Question of the Day – Why White Spots?

Another question from the splendid littlemiao:

Maybe one day you can explain why some kitties are tuxedo kitties (I’m thinking of my brother’s calico/tortie mama + the b&w cowkitty papa, who had 2 boy tuxkits).

Today’s the day!

In cats white is not a pigment, but is what happens when the other means of laying pigment on a hair are blocked out.  Some of these cause a totally white cat, others just produce a cat “with white”.  These can appear on any color or patterned cat, as you can see with Calpurnia, a “Seal Point with White”.

Buttons and Lockets

Before we move on to true White Spotting, there is another kind of spotting – these produce one or a few white spots on the midline of the belly or on the chest.  The genetics of these is not well-known – but cats that have a lot of them tend to have kittens with them and those without, without.  The ones on the stomach are called “buttons” and the ones on the chest are called “lockets”.   They are pretty common – all my cats without white spotting have had at least one of them.

White Spotting

True White Spotting in controlled by a gene, called (oddly enough) White Spotting. There are two options  – S, which activates spotting, and s, which does not.  One S is enough to produce some spotting, and the thought is that a double dose (S/S) produces more spotting than only one.

The effects of white spotting produce spots first on the feet, then generally up the legs and on the stomach, spreading up the chest and face. Then it moves up the sides until the head, back, and tail separate. Even higher levels result in isolated white islands up until you have a totally white cat.

Some levels have been given names – like the Tuxedo and Van.  The Tux is 4 white paws, white on the centerline of the belly and on the chest, and usually up to the chin and possibly a blaze on the face. The back of the neck is still black, and most of the sides and back and the tail.  The Van is white except for the ears, top of the head and tail.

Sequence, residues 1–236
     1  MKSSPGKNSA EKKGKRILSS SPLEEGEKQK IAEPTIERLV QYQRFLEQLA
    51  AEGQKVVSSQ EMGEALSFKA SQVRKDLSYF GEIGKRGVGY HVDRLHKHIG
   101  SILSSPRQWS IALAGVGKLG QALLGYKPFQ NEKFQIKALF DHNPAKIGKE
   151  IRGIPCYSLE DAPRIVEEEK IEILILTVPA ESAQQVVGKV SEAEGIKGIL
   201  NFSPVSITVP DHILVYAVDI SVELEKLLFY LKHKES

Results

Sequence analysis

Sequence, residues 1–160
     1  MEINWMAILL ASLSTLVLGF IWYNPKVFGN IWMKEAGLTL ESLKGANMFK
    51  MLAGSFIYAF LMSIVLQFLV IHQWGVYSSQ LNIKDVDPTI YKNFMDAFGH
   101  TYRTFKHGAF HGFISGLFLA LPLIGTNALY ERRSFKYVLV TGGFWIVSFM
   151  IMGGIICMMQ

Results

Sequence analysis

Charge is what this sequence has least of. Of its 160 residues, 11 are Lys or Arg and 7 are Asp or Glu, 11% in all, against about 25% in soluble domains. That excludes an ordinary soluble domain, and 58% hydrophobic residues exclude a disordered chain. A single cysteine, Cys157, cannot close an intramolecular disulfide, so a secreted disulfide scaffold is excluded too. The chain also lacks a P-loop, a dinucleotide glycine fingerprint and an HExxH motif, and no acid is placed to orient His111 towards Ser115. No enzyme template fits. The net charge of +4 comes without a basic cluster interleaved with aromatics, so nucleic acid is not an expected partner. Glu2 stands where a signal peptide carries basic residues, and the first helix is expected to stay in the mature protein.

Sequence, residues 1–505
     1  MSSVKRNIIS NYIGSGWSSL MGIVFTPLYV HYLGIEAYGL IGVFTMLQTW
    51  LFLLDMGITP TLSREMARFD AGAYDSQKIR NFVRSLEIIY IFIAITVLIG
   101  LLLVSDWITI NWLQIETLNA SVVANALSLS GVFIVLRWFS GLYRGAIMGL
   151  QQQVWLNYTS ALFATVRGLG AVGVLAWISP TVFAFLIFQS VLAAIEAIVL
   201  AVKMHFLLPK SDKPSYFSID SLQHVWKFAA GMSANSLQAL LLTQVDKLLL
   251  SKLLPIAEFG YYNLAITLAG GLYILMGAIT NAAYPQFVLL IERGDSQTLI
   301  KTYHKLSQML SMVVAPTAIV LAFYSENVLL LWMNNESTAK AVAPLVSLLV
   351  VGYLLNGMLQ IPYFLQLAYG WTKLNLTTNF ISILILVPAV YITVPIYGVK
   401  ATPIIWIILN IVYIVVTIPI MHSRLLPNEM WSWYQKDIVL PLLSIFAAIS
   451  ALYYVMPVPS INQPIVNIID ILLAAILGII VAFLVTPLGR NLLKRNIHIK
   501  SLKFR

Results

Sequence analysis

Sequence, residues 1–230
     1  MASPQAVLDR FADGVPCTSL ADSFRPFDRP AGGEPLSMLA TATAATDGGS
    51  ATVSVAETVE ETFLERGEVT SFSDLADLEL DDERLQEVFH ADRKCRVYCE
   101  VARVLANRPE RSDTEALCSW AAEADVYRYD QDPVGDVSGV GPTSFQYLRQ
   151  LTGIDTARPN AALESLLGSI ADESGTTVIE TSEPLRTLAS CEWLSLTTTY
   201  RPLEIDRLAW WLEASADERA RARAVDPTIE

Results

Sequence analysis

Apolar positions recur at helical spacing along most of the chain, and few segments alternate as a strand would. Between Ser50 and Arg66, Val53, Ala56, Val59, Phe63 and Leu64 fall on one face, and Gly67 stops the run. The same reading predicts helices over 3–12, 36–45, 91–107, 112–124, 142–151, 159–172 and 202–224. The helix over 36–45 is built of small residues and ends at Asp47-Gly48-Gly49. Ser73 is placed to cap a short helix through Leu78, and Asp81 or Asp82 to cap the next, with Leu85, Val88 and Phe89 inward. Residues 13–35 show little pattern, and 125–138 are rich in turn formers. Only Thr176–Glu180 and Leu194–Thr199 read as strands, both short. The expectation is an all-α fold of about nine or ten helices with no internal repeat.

What controls the level? Well, they don’t know, except that it isn’t simple.  Other genes, and more than one, probably do the job – they call it polygenes.  Again, breeders can select on ‘lots of white’ and ‘little white’ to some extent.  And it is possible, but not likely, for the polygenes to be so low that no spots result even with an S gene.

I think of the Spotting Gene like the on/off switch of a stereo and the polygenes as a volume control knob.

There is one other interesting relationship when a Tortie cat (one with both black and orange color) also has white spotting.  As the amount of spotting grows, the size and distinctness of the colored regions grows larger as well.  A tortie without spotting has small and well mixed color regions, whereas a Calico has few, large, and distinct color regions.

In littlemiao’s brothers case, each parent had at least one S gene to contribute to a kitten. And the polygenes resulted in the relatively common Tux level of spotting.

A Quizlet

It is possible for a mama cat to have kittens from multiple fathers in one litter.  I was wondering how common it is, and if you could prove from a set of kittens that they have different fathers.  For a while I thought it was not possible without knowing something about the parents, but then I came up with a way with just 2 kittens from a litter you could show that they had different fathers.  Anyone want to try and figure it out?

About Oldcat

Engineer with Cats
This entry was posted in Calpurnia, Cats, Genetics and tagged , , . Bookmark the permalink.

27 Responses to Question of the Day – Why White Spots?

  1. minlit says:

    How much visual recognition do you think cats use to identify each other?

    Like

    • Oldcat says:

      I’m sure there is some – I’ve seen cats react differently to a cat with a cone, for example. But it isn’t the only way, since I’ve also seen a cat react badly to one just home from the vet with new smells on it.

      Cat vision is different than human, too, since it is optimized to pick up motion rather than static detail. You can see that by how they ‘lose’ a treat that quits moving until you point it out.

      Like

      • minlit says:

        So, in a feral colony of say, majority tabby cats, do you think they use other senses more than sight to identify each other?

        Thanks for introducing me to the term ‘buttons’ btw. I always wondered if there was a technical term for the pattern on Mr Stripey Pant’s undercarriage!

        Like

      • Oldcat says:

        I think they use smell to some extent, and body language and probably a whole set of motion and body-language related characteristics that we can’t detect because we don’t sense the world how they do.

        Like

  2. Am I allowed to reply to the Question of the Day blog with a question?